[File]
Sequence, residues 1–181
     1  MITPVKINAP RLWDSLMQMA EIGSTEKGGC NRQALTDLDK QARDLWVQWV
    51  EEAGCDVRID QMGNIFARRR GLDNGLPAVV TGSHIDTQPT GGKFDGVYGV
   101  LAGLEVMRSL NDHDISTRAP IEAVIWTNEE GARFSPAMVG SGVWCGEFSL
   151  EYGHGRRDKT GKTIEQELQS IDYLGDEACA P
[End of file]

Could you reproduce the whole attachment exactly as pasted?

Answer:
Sequence, residues 1–181
     1  MITPVKINAP RLWDSLMQMA EIGSTEKGGC NRQALTDLDK QARDLWVQWV
    51  EEAGCDVRID QMGNIFARRR GLDNGLPAVV TGSHIDTQPT GGKFDGVYGV
   101  LAGLEVMRSL NDHDISTRAP IEAVIWTNEE GARFSPAMVG SGVWCGEFSL
   151  EYGHGRRDKT GKTIEQELQS IDYLGDEACA P